It’s that time of year again. Holiday cheer abounds, from the store discounts that start in October to… the infamous office holiday bash! The office holiday party holds a warm spot in many a dutiful careerist’s heart – those who recall episodes of reckless inebriation, Yuletide meltdowns, or scandalous rounds of Spin the Dreidel. Let’s face it: the combination of alcohol, holiday stress, and surly coworkers is a recipe for disaster. That’s why you need to prepare yourself, and make sure you know how to behave beforehand! Let’s discuss some ground rules:
Make Sure You Go
Thought you could avoid the pandemonium altogether? Think again! Skipping out on the office soiree is often perceived as a sign of disrespect. Even though the invitation doesn’t always say it, assume that company gatherings usually fall under the “must attend” category – so blowing them off isn’t really an option. Employers often spend big bucks putting these shindigs together. Why? To thrust you into precarious situations that could jeopardize your career? Maybe some do. But most like to celebrate in order to show their gratitude for all the work everyone has put in, and also to facilitate company bonding. Take home point: don’t even think about home until you’ve put in at least a good 30 minutes of face time.
Putting the Office in Office Party
Remember: even though an office holiday party is meant to be a social event, the professional context remains. This means that your superiors are watching, ever mindful of who is behaving naughty and nice, and who’s going to get the nix, come Monday morning. Limit yourself to a two-drink maximum if alcoholic beverages are available; or, better yet, don’t drink at all. Pay attention to the part of the invitation that explains the dress code – formal or casual – and then dress more conservatively than you would normally; office holiday parties are no place for flagrant self-expression. Finally, behave yourself. No lewd behavior or forbidden office liaisons – there’s no sense in embarrassing yourself, or, worse yet, getting slapped with a sexual harassment complaint by HR.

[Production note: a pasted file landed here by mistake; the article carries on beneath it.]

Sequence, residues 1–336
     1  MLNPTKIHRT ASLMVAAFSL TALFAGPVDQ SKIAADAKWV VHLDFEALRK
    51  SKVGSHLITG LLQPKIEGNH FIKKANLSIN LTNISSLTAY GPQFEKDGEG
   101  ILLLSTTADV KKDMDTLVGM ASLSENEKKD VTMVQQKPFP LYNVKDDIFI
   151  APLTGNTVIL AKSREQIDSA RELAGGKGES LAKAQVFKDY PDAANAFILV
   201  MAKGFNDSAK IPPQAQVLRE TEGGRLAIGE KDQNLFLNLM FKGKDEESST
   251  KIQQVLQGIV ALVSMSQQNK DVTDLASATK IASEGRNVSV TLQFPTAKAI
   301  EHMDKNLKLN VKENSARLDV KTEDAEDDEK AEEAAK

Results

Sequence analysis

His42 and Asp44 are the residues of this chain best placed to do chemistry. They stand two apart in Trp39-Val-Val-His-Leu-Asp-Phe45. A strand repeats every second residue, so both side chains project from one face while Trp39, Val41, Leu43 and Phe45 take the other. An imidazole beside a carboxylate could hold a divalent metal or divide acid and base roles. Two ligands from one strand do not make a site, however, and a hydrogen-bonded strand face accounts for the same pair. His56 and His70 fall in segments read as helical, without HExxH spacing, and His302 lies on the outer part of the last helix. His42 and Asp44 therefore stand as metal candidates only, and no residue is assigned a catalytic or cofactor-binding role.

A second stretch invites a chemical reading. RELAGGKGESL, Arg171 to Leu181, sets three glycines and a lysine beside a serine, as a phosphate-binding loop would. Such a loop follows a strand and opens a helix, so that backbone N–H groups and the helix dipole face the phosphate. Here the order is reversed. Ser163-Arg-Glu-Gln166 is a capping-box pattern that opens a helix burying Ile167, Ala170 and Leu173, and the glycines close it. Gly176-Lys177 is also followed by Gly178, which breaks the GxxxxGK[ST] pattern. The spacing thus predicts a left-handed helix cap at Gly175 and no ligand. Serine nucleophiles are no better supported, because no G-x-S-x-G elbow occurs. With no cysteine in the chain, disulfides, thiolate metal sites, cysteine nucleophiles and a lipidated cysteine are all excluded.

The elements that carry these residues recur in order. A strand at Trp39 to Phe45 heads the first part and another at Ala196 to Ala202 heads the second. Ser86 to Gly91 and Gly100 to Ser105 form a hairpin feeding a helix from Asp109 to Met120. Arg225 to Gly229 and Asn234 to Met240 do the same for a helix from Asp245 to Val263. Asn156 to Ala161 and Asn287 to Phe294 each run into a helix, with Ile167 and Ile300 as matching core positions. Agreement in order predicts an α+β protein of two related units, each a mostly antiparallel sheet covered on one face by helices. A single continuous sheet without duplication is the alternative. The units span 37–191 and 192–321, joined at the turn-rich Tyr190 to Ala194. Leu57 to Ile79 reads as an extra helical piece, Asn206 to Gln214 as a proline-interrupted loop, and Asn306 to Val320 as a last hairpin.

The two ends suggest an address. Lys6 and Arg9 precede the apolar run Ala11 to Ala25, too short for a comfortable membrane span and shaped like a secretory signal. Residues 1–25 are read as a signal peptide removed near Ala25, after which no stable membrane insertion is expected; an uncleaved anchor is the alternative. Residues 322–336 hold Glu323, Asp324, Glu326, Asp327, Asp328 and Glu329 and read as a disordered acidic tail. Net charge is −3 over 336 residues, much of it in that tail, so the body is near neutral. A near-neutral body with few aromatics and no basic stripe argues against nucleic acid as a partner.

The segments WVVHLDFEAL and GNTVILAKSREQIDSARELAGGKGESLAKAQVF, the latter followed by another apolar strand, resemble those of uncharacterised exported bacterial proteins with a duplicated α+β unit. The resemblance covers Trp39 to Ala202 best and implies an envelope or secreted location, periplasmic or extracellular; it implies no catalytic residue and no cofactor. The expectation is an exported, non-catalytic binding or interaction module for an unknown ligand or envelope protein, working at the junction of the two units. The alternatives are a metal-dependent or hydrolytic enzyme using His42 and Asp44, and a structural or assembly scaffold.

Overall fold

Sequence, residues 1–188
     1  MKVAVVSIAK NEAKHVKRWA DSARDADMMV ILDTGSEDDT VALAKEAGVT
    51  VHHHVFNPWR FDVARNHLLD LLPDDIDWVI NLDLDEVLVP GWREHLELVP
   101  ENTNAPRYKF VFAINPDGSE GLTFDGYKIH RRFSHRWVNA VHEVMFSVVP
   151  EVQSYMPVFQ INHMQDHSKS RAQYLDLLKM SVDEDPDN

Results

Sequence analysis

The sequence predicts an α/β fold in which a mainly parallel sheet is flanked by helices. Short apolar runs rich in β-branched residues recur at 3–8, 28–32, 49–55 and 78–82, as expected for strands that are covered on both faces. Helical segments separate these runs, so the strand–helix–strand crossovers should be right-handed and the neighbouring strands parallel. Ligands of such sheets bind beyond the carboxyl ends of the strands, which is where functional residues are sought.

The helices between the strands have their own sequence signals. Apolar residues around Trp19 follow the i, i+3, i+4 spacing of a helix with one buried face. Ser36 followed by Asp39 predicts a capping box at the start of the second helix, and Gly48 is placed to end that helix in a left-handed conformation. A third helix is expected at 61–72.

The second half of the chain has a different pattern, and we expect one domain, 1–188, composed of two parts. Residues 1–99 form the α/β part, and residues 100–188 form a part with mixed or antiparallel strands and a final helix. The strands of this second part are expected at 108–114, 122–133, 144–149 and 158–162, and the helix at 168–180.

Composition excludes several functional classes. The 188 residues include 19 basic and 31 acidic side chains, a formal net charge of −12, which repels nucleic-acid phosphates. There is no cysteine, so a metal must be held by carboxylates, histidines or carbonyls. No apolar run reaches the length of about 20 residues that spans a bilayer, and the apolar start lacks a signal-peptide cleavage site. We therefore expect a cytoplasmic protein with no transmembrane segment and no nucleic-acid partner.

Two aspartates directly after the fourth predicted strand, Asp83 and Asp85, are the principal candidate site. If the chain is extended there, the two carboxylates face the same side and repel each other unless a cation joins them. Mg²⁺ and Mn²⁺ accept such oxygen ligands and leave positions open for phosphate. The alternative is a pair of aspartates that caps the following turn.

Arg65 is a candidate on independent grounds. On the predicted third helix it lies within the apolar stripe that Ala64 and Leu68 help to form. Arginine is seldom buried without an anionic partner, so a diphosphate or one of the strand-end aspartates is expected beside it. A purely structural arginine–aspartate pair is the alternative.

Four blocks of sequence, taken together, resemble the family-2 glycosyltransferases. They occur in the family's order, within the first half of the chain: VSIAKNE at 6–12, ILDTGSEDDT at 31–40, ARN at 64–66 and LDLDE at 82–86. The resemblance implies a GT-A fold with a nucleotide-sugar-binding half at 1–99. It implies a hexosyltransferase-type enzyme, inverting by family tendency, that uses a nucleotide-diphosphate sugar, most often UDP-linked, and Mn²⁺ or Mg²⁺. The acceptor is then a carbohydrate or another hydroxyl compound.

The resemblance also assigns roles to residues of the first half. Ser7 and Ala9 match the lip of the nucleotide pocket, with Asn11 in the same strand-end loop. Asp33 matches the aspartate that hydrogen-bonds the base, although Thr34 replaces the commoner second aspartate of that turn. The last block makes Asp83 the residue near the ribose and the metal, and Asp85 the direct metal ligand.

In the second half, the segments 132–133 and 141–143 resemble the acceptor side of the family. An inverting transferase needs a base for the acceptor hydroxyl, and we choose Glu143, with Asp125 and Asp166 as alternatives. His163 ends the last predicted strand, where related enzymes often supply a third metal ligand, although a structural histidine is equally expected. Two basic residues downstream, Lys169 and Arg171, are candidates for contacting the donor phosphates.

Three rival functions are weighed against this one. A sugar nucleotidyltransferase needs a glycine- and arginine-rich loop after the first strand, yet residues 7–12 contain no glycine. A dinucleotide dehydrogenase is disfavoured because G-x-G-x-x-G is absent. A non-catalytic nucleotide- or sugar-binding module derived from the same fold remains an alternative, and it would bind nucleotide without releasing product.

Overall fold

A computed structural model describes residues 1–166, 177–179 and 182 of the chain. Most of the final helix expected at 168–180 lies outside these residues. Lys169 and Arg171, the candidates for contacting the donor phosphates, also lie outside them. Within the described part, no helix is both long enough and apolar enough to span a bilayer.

We’ve already established that office conventions carry over into the after-hours office party, but that doesn’t mean that your cubicle chitchat has to also. It’s okay to talk some business, but this is a social event. Lighten up and broaden the conversation. Otherwise, people will avoid talking to you and you’ll get pegged as uptight or boring. Another mistake is to relax too much, and start complaining about your job, gossiping about coworkers, or discussing your pay. Avoid any controversial subjects, especially those related to work. Finally, branch out and talk to some people you don’t usually get to interact with during normal working hours. Don’t forget that office parties can be a great chance to network, so don’t be afraid to engage with some of your superiors.
Holiday parties at the office can actually be a lot of fun, and bring out a more relaxed, fun side of the people you work with each day. Just make sure to keep the obstreperous, party animal side of you in check!
The Doostang Team